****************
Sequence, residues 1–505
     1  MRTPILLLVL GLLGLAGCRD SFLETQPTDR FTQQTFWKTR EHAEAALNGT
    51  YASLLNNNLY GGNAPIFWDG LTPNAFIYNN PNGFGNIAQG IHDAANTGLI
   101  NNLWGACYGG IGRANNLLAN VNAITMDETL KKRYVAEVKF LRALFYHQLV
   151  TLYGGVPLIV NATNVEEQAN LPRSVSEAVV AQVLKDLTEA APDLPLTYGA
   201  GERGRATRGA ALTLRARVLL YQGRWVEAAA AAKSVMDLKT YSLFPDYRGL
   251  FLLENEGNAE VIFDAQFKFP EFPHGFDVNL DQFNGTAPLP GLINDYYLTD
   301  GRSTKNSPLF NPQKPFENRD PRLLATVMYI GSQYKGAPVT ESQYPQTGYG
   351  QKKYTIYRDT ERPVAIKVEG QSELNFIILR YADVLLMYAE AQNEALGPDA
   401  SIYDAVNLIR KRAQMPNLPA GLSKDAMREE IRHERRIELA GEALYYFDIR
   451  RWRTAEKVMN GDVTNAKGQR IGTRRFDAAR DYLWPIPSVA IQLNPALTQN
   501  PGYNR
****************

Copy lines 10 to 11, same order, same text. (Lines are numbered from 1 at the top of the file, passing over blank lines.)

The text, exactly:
   401  SIYDAVNLIR KRAQMPNLPA GLSKDAMREE IRHERRIELA GEALYYFDIR
   451  RWRTAEKVMN GDVTNAKGQR IGTRRFDAAR DYLWPIPSVA IQLNPALTQN